But in recent times, there's been plenty of drama which has extended along the A92: some of it ridiculous and some of it surreal. The 2010/11 season will remain long in the memory for both fans as the teams hammered away in a brawl akin to two heavyweight boxers. Ultimately, the Pars edged out Rovers but it came at a huge cost - two seasons later they were plunged into administration having spent outwith their means.

The period saw Rovers acquire Joe Cardle who would go on to take his place in the Ramsden's Cup winning squad. It also saw a bizarre proposal from the Rovers board where they suggested that they'd give the away side a share of the gate receipts if they brought over 2000 fans. Both sets of fans were incensed: Dunfermline fans were upset and threatened to boycott while Rovers were disappointed to be bailing out a club who had lived a life of luxury while our own club toiled.

Of course, the incident had come less than two years where Dunfermline had spent a summer transfer window trying to poach John Baird away from the club. Baird recently spoke to the Falkirk fan podcast Walking Down Hope Street and said that Dunfermline had put in five bids and ultimately said that he wanted to leave for the recently promoted club (and ultimately regretted) as they were offering to triple his wages.

Baird rejected Dunfermline and pointed out that he was glad he never joined given the ridiculous financial model which was in operation. The Pars went through their troubles and ultimately, the derby fell to the wayside for a period of time as they entered their banter years. Relegation by Alloa at the end of the 2012/13 season saw a period of exile where Dunfermline didn't return to the Championship until the 2015-16 season under Allan Johnstone. This coincided with the start of the Rovers banter years where Gary Locke was appointed.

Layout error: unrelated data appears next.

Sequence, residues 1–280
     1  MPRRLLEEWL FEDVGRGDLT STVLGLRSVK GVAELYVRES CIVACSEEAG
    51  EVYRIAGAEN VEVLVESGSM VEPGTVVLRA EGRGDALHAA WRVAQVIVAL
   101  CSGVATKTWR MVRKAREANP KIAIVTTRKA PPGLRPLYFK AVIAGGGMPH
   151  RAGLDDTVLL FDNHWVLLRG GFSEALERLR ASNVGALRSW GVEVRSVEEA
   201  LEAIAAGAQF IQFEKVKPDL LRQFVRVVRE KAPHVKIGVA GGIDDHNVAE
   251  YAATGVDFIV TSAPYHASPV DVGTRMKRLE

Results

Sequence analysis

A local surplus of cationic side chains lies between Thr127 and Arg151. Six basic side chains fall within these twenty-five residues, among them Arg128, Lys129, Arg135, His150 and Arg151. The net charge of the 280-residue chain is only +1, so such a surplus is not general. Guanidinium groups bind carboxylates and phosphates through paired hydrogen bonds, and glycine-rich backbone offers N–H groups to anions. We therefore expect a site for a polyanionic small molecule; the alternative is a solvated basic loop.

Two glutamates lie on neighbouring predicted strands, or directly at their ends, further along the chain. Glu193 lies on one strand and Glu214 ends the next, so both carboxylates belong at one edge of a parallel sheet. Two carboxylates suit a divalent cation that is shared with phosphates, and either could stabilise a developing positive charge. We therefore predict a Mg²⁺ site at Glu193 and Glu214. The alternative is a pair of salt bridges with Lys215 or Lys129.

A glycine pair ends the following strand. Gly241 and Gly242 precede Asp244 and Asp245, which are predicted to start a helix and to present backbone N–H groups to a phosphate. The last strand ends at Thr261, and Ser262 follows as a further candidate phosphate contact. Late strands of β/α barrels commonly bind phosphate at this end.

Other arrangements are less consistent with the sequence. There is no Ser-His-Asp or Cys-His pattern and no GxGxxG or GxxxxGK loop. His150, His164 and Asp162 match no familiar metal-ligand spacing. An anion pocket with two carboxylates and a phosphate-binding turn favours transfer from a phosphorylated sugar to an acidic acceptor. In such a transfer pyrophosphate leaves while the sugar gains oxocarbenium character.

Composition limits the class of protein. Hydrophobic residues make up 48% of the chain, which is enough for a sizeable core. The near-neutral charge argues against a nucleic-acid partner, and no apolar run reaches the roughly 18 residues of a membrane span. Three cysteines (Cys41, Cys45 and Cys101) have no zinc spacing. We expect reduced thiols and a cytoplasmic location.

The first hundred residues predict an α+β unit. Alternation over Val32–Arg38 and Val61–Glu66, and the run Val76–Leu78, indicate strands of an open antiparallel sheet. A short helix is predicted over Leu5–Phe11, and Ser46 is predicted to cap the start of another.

Over the last decade alone, there's been plenty of reasons to look forward to the derby. We've enjoyed Sammy the Tammy declare war on our fans in his cardboard tank resulting in the national press questioning the ethics of Scottish mascots (the same press failed to mention a significant portion of Rovers fans chanting about Sammy being a sex predator).

The games have seen numerous flash points which the fans love to see. The first derby of the ill-fated 2016/17 season saw Ross Matthews embrace his inner Shawn Michaels and go in neck high into a tackle with Joe Cardle. The fact that he only walked away with a booking ranks behind "Why Gary Locke?", "Why are we loaning Vaughan to Dumbarton?" and "How can an SPFL board member not understand the rules leaving us to play Ryan Stevenson in goals?" as the biggest mysteries of that season.

It also produces iconic images for the fans: Step forward Dougie Hill. Josh Falkingham arrived at Dunfermline with a reputation for being a bit of a pain in the arse. A spell at Arbroath saw the Pars sign the diminutive midfielder who had infuriated many lower league fans and players alike. The first derby of the season at East End Park saw Falkingham open the first 30 seconds of the game with an outrageous tackle on left back Eddie Malone.